Amundi and Axa accused of indirectly financing the Burmese junta

Asset manager Amundi and insurer Axa are accused of offering investments in Indian and Chinese companies that in recent months have sold “trucks, combat planes or remote-controlled firing stations” to the Burmese junta, according to an investigation by the newspaper Le Monde.

According to a survey conducted by the NGOs Justice for Myanmar and Info Burma on the one hand, and on the other hand information obtained by Le Monde based on data from the Dutch research group Profundo, Amundi, a subsidiary of Crdit Agricole, and Axa offer their clients investments in Indian and Chinese companies which have sold weapons and military equipment to the Burmese junta in recent months, writes the French daily.

As a reminder, the EU has established an embargo on arms and equipment that can be used for internal repression.

According to Le Monde, which cites the latest available data, dating from April and May, Amundi offered its clients shares in the Chinese company AviChina, which sold light combat aircraft to the junta, and the Indian Bharat Electronics Limited. , which provided the Burmese army with remote-controlled firing stations.

The asset manager also offered investments in the capital of Sinotruk, a Hong Kong-based heavy goods vehicle manufacturer that sold Burma trucks used to transport soldiers to suppress demonstrations, according to Le Monde.

To date, the open-ended funds managed by Amundi do not hold shares in AviChina Industry & Technology, Bharat Electronics Limited and Sinotruk, Amundi defended itself to AFP, without denying Profundo’s statements that the shares of these companies are present there through so-called index funds which replicate and come under passive management.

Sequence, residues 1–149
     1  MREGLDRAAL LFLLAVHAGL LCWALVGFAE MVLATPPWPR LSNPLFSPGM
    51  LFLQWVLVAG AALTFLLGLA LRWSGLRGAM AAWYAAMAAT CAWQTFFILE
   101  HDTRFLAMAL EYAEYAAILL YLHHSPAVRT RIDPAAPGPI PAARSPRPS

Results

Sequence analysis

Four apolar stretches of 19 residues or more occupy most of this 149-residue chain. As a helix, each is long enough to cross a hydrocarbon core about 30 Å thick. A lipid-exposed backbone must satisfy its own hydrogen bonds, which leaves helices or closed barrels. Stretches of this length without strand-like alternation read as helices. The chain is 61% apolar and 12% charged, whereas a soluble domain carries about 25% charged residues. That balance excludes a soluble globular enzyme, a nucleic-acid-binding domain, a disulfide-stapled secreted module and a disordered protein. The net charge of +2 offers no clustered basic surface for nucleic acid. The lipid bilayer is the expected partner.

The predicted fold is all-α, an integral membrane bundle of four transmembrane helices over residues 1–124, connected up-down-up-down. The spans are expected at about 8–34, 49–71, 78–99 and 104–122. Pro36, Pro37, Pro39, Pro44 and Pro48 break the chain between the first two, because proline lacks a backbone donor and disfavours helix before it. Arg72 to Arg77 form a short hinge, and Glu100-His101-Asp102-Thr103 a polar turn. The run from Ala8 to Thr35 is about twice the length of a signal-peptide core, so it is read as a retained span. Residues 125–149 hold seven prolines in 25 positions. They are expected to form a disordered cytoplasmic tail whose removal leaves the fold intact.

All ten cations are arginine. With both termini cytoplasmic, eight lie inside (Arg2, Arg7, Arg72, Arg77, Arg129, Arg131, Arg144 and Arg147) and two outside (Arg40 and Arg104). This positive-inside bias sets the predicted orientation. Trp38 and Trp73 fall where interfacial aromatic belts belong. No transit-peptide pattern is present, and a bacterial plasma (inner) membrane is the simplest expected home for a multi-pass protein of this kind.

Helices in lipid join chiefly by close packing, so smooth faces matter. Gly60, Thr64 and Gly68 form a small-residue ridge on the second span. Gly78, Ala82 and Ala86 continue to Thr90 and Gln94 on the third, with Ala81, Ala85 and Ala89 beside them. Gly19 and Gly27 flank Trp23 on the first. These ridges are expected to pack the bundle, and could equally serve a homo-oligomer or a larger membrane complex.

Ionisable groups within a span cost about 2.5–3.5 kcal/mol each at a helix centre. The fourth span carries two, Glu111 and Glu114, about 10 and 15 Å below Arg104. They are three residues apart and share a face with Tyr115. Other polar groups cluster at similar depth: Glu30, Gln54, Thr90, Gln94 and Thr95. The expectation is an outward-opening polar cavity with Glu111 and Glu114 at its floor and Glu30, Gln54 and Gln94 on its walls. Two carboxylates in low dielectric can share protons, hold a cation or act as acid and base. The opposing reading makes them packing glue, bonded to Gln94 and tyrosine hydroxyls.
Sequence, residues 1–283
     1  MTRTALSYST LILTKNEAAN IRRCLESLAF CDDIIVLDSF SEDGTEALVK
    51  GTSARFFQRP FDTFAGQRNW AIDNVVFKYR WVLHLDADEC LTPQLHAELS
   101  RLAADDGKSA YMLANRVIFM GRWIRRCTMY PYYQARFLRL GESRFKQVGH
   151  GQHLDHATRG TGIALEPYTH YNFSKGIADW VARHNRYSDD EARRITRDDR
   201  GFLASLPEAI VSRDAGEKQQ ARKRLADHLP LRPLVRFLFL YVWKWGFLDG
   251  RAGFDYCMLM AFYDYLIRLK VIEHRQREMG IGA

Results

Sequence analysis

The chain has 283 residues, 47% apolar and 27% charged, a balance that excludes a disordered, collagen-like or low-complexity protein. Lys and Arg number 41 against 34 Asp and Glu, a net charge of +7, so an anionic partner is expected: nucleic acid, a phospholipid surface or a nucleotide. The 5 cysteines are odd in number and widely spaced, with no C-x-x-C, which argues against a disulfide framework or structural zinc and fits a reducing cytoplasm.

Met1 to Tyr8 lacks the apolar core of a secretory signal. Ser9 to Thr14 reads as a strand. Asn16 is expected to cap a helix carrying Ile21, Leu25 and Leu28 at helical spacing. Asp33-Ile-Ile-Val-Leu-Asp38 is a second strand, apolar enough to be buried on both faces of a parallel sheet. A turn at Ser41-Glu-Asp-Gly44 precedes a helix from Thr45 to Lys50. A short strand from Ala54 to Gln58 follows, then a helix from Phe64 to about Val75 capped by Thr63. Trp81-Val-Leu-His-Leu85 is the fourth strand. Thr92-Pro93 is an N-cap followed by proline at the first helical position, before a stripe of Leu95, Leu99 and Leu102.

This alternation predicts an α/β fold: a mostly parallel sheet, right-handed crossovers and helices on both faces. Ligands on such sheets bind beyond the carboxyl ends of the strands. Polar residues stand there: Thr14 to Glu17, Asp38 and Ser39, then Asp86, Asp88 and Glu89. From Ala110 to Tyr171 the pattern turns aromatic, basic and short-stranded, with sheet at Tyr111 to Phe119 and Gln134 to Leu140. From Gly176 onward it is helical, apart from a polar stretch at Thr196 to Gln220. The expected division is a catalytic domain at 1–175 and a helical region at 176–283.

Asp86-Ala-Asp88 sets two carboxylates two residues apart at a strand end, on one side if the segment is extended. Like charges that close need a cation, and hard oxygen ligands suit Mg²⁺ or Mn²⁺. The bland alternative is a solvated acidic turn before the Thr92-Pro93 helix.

Crdit Agricole’s investments for the benefit of the junta, in a wide variety of sectors, amount to 4 billion dollars, according to the NGOs.

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The article in Le Monde also mentions the insurer Axa, with a lower level of exposure, via third parties, and concerning the Sinotruk company.

The group assured AFP that it has no exposure to truck maker Sinotruk through its general assets.

The insurance group reports a fund managed by AXA IM for third-party clients whose exposure to this company currently represents around 71,000 euros and another distributed locally to Chinese clients by AXA IM’s joint venture with SPDB. in China (in which AXA IM is a minority shareholder), whose exposure amounts to approximately 550,000 euros.

According to the UN, since the coup in Burma, entire villages have been razed and burned, more than 3,700 people have been killed and more than 23,700 arrested.

source site-96